The most Wongaful time of the year

Euan McTear

December. A time of fairy lights, shopping, cards, pretty trees in the living room, those fancy Starbucks coffees, red, green, gold, a jolly fat man and … payday lenders?

With the Money Advice Service estimating that 1.2 million Brits will turn to a payday lender like Wonga, QuickQuid or Mr Lender to fund their festive spending this December, Wonga could soon become as important in our Christmas vocab as Rudolph or Jesus, if it isn’t already. But is Wonga really the pantomime villain we automatically assume?

Say you decide to take out that extra £100 you need to cover your Christmas shop. You decide you’ll give yourself one month to pay it back – until your next payday or until your next SAAS payment comes in. The amount to pay back in one month’s time is exactly £137.15, including fees – a fact which is very clearly presented to you on the website. So although the annual interest rate is a mindblowing 5853%, the actual cost of borrowing £100 for a month is – and I use this word lightly here – only £37.15.

Is that £37.15 quid really that big a deal when it could be the difference between being able to fly home for Christmas or not? Or when it’s the only way of getting your excited kid the latest gadget that all of the other kids in the class have? Or when having a Christmas dinner you’ll never forget with all of the family is a dream only realised with a little help from Wonga?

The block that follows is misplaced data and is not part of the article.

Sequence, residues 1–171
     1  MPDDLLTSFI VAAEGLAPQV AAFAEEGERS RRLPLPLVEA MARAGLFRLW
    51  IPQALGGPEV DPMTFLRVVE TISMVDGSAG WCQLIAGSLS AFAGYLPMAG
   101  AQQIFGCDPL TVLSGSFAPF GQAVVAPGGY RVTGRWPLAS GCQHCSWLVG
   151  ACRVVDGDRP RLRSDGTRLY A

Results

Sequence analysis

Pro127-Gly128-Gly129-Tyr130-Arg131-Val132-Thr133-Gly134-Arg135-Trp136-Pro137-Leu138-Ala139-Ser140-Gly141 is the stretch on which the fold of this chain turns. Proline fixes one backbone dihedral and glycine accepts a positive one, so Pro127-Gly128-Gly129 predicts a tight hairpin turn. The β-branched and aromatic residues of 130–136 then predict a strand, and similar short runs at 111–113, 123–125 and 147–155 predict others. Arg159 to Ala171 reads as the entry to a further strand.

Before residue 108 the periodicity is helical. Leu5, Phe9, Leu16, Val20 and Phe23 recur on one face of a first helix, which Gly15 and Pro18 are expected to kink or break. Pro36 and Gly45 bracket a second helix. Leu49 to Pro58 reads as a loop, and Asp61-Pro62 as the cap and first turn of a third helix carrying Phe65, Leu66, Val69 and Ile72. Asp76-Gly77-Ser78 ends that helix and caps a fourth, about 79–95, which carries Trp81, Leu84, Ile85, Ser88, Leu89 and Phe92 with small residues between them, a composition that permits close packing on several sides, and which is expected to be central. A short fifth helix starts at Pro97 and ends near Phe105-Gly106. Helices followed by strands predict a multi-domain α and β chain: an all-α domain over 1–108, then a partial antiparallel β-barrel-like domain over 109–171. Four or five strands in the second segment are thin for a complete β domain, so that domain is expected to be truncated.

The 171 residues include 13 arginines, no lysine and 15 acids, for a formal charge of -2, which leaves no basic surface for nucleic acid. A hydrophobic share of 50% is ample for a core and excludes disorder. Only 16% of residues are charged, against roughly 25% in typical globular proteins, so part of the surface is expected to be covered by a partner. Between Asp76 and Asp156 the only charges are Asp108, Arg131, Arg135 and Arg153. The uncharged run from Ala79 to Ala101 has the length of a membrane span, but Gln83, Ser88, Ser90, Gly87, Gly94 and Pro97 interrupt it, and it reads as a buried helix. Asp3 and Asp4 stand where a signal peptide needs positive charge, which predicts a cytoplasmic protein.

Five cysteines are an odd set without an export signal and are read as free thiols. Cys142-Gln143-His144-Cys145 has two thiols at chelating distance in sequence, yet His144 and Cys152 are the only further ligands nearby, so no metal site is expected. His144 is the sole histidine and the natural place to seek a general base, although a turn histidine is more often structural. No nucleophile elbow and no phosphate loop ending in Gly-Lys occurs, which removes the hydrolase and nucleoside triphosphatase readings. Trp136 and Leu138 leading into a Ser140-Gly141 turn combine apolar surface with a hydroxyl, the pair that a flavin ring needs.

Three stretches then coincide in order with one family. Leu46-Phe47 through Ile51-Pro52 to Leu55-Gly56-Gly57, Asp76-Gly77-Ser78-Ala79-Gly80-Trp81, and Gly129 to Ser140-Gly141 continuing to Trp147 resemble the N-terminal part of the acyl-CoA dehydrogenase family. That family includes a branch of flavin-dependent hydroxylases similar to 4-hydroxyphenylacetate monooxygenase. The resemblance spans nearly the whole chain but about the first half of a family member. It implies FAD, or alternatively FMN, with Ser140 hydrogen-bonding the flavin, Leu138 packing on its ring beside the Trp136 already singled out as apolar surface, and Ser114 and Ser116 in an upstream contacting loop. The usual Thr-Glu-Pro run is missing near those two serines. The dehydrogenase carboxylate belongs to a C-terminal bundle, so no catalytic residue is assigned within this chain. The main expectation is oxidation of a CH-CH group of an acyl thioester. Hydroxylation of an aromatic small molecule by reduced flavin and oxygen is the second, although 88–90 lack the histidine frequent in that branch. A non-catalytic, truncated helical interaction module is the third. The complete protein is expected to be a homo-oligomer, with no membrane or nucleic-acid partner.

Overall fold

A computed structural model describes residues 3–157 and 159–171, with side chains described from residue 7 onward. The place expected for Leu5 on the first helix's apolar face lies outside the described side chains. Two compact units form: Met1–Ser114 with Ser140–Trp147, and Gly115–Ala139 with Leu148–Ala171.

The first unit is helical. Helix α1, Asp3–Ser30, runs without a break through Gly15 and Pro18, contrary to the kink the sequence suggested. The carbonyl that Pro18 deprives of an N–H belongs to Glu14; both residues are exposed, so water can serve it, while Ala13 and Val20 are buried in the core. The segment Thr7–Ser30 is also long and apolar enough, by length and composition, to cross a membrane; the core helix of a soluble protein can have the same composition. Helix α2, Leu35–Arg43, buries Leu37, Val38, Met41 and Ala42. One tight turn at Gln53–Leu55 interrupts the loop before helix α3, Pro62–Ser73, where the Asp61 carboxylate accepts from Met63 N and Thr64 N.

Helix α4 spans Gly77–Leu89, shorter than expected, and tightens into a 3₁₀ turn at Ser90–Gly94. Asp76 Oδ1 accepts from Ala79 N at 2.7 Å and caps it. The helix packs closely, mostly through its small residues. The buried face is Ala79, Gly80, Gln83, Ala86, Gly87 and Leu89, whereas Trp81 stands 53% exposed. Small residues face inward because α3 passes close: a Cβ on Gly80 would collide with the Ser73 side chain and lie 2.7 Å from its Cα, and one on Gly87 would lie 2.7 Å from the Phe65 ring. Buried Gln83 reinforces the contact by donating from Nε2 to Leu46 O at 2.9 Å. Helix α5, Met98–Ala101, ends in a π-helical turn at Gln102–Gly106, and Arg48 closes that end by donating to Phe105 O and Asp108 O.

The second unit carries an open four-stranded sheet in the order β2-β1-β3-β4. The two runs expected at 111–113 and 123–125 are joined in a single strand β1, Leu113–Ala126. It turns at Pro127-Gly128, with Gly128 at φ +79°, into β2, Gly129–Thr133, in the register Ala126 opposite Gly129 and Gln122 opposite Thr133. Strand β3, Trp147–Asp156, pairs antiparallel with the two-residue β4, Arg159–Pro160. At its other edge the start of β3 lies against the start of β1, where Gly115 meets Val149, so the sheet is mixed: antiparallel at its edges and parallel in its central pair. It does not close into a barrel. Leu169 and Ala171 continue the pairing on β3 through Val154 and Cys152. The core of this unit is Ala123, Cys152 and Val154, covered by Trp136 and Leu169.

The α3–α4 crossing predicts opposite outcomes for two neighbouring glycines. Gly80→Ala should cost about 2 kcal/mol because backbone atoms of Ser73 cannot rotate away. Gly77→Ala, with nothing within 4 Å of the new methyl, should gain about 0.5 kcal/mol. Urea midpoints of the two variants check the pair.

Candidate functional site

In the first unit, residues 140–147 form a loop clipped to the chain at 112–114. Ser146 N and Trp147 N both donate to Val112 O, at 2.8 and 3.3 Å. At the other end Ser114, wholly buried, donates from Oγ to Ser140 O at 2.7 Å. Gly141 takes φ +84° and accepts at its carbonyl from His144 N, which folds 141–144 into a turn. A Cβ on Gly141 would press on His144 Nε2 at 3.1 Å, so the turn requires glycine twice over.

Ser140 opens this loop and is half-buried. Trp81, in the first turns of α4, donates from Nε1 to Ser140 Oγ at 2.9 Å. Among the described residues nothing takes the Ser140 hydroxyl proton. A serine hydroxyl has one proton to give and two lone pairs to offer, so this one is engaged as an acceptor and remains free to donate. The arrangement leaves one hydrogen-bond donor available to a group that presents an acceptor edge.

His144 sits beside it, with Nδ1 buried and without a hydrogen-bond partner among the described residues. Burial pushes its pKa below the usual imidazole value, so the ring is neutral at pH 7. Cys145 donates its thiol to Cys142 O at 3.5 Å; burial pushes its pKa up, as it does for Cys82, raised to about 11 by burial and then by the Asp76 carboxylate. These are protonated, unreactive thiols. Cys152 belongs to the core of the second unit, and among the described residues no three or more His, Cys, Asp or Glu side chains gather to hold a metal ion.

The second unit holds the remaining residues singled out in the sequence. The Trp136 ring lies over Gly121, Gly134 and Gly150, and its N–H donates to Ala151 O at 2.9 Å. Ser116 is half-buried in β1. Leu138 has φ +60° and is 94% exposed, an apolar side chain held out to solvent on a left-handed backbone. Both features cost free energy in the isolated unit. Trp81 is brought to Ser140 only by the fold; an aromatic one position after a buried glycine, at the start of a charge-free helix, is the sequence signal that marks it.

Many people will think that it is worth it, and that’s why services like Wonga will be used from now until Christmas Eve by those who are most vulnerable. Late repayment comes with a £30 penalty and can affect your credit rating. The longer it takes to pay your small-looking loan back, the closer to the 5853% APR you get. That’s how the horror stories you hear about begin.

But I’d argue it’s that sense of December greed that says, “I need my kid to have the latest iPad” – or even the kids who tell their abiding parents, “I need to you to get me that latest iPad” – that is the real root of the problem. Times are hard and we’ve just come through the worst recession since the war. Students face higher living costs and tuition fees than ever before. Unemployment or underemployment affects many UK families. Yet somewhere amongst all that we seem to have decided that the our need to commercialise Christmas is as great as ever. If ever there was a time to tighten the purse strings then it is now.

Spending Christmas with the family is seen as God-given right to be obtained at any cost, but is the flight affordable? Having a meal large enough to feed the whole town is ‘tradition’ and must be done, but is it affordable? Spending big on all your friends is necessary to avoid losing face, but is it affordable? iPads are really cool, but are they affordable?

If the answer to any of those questions is no, then that’s probably reason enough not to do it. At least that’s how it used to be. Now, with Wonga just a couple of clicks away, we can satisfy any festive greed and delay the consequences to January.

Turning to Wonga to pay a bill that’s due or to fix the heating is understandable. Turning to Wonga just for the sake of wanting something is, at least in my view, not.

So yes, Wonga is not cheap and yes, it is exploiting many people. But it is able to do so because there is demand for it. Wonga and other payday lenders aren’t the problem; they are simply the means through which a larger problem is carried out.


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